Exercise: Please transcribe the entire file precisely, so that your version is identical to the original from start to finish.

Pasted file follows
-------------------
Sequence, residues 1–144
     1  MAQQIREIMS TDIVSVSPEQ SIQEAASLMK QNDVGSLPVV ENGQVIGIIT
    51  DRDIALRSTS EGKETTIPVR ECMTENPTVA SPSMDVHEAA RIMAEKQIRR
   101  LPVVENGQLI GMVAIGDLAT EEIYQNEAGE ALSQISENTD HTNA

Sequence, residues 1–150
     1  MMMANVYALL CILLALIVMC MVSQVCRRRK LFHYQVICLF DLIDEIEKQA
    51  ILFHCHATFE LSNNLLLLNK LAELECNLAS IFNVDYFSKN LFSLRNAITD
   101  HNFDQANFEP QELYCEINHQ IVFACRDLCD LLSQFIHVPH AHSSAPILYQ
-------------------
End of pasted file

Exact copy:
Sequence, residues 1–144
     1  MAQQIREIMS TDIVSVSPEQ SIQEAASLMK QNDVGSLPVV ENGQVIGIIT
    51  DRDIALRSTS EGKETTIPVR ECMTENPTVA SPSMDVHEAA RIMAEKQIRR
   101  LPVVENGQLI GMVAIGDLAT EEIYQNEAGE ALSQISENTD HTNA

Sequence, residues 1–150
     1  MMMANVYALL CILLALIVMC MVSQVCRRRK LFHYQVICLF DLIDEIEKQA
    51  ILFHCHATFE LSNNLLLLNK LAELECNLAS IFNVDYFSKN LFSLRNAITD
   101  HNFDQANFEP QELYCEINHQ IVFACRDLCD LLSQFIHVPH AHSSAPILYQ